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  • Gardening in the heat

    8th February, 2014


    I toiled away in the heat today, for a harvest of potatoes and some fetid compost. The plants could have kept going for a little while, but the hot spell had made them faint in their enclosure. I couldn’t contain my anticipation as I dismantled the “cat-proof” fence. Witness Ms. Cat’s squinty-eyed disapproval of the boundary line.


    Ms Cat hates the fence

    Ms Cat hates the fence


    The cats did work out how to get in through a gap, but the wire was still better protection than last year’s attempt to grow potatoes in a tractor tyre. Those plants lost the will to live after Mr. & Ms. Cat both thought it was a pleasantly private place to attend to their needs. After that we called it the “shittery” because it was a horrible wreath of awful. Understandably the plants preferred the great nursery in the sky. Later I read theories about tyre chemicals leaching into the ground, so I washed the tyre and gave it to a friend for her dog (not as a toilet, you attach hessian on the top to make a hammock).


    Potato crop 2014

    The monster mash


    It was quite exciting to discover all the potatoes hiding under the sugarcane mulch like savoury easter eggs. I scrabbled through the ground like a mole and continued the excavation, there were so many layers like dirt chocolate with crunchy bits (my favourite pre-veg*n chocolate was Bertie beetle which had similar textural surprises).


    I had been told that piling up the mulch near the potato plants would make it easier to harvest. Lies! Although this shouldn’t be considered a thorough scientific study as all our plants grew from potato scraps in the compost. It was sheer luck they were in roughly the same area to make for convenient fencing.


    Avocado crop 2014

    Avocado surprises


    I made a great find with four sprouted avocado seeds! I put them in a container for the windowsill. I just checked them – they haven’t grown anymore, but a worm had hidden inside one of them during the 8 hours since the relocation. Protip – leave the avocado seeds on the edge of your garden to give any earthworms the chance to crawl out. I’ll have to see if he’s vacated the premises in the morning. There are more instructions on growing avocado plants on Australian avocados site. I always feel tempted to write “avocadoes”, like a deer herd of green fruit.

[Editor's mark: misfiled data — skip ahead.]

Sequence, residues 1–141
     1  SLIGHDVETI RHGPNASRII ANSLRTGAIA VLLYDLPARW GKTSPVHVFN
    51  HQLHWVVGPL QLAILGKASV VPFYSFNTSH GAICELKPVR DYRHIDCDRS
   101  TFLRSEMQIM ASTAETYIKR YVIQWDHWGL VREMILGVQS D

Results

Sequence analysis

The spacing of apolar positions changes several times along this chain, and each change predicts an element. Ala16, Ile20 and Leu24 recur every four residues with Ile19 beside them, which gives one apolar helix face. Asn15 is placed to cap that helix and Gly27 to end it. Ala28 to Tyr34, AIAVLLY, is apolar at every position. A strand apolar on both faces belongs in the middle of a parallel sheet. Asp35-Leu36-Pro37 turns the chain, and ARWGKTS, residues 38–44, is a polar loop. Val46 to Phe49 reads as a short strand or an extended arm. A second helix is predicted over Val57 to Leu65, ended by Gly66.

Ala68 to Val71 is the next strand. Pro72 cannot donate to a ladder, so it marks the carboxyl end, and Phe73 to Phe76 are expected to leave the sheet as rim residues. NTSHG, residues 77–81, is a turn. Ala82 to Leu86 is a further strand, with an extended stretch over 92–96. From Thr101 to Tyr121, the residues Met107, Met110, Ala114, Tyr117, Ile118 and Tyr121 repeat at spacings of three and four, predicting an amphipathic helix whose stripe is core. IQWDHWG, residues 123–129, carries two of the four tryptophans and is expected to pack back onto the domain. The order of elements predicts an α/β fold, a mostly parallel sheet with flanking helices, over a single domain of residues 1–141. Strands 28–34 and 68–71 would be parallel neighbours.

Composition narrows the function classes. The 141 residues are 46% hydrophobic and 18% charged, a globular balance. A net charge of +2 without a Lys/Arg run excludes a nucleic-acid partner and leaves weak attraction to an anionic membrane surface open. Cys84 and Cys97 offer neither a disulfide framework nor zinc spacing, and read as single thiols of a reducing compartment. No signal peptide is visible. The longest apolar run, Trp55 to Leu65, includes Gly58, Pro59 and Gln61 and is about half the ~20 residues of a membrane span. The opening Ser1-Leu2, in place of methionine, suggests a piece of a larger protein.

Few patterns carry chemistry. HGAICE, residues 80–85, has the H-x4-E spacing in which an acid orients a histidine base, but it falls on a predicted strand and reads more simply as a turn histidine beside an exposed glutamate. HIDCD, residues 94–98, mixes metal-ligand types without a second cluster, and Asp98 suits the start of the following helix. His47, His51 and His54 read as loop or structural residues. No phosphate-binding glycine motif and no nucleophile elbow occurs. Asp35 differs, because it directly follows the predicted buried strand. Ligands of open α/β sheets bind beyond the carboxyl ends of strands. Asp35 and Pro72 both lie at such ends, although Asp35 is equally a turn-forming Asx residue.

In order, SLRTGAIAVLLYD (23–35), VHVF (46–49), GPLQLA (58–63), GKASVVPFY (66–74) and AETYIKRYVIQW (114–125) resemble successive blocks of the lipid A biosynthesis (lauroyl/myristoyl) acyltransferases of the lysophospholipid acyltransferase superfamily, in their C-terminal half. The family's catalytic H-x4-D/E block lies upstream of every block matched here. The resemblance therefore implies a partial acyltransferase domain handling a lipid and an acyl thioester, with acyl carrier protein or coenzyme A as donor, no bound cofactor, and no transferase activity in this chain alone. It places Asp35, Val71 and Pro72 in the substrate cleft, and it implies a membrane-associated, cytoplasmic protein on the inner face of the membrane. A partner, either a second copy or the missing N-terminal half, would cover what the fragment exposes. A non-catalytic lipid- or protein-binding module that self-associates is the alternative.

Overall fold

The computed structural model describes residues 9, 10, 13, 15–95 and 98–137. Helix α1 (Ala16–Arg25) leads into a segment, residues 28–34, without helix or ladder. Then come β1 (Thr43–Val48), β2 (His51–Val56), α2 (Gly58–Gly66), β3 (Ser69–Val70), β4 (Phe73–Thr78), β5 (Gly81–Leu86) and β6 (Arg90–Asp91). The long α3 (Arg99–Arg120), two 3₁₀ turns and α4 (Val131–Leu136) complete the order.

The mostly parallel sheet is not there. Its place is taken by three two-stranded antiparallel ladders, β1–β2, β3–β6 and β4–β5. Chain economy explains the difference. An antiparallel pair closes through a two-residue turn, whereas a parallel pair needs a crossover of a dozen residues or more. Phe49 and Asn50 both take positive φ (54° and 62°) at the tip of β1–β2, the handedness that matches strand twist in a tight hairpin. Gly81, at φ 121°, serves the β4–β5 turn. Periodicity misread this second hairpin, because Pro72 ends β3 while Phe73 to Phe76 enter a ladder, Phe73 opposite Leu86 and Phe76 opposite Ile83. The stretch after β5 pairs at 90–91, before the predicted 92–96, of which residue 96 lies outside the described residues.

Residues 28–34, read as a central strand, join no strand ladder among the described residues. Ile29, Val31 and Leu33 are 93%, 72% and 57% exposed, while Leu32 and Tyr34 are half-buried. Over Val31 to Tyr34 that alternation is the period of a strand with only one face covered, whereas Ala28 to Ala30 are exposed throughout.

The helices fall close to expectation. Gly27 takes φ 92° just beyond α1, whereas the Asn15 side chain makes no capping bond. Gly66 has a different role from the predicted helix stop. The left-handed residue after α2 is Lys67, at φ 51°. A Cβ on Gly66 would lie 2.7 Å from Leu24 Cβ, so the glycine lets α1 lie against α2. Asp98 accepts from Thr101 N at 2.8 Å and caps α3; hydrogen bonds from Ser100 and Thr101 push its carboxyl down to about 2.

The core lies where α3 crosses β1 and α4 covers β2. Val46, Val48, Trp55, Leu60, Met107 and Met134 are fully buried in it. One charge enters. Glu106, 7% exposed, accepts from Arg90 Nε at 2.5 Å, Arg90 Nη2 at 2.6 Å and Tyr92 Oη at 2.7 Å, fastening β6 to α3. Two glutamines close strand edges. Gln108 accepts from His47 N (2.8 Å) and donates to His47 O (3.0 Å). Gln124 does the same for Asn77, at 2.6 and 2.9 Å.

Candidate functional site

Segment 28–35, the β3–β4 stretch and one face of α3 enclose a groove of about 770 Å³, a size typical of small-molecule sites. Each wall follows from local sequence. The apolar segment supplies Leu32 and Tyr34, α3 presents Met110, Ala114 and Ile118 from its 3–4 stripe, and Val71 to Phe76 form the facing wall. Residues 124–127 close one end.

Tomato crop 2014

    Small & imperfect


    The reason we let the potatoes go was because we planted tomatoes two years in a row, and I freaked out about crop rotation. Some of the tomatoes didn’t know they were banned this year so they still woke up. Of course I didn’t realise that potatoes and tomatoes are family, so that was a bit of a waste of time. Anyway, we grew tomatoes in pots this year. Compared to our past bounties, this year’s crop has been quite disappointing. The heat is sort of an excuse, but there are a lot of other gardens in Canberra that have done better.


    Ms Cat with peglegs

    Ms Cat with peglegs


    Mr. & Ms. Cat have reached their own goals for the season, having killed 2 ½ cucumber plants (the third was mostly killed by the heat), 2 zucchini plants and at least several potato plants. How are they so nefarious? They like to dig, or just squash a plant by sitting on top: “It was in my spot”.


    You can see Ms. Cat likes to guard the stump near the black zucchini, “the last of his kind”. She’s a pirate cat with a pegleg on each front paw. Miaowyarr.



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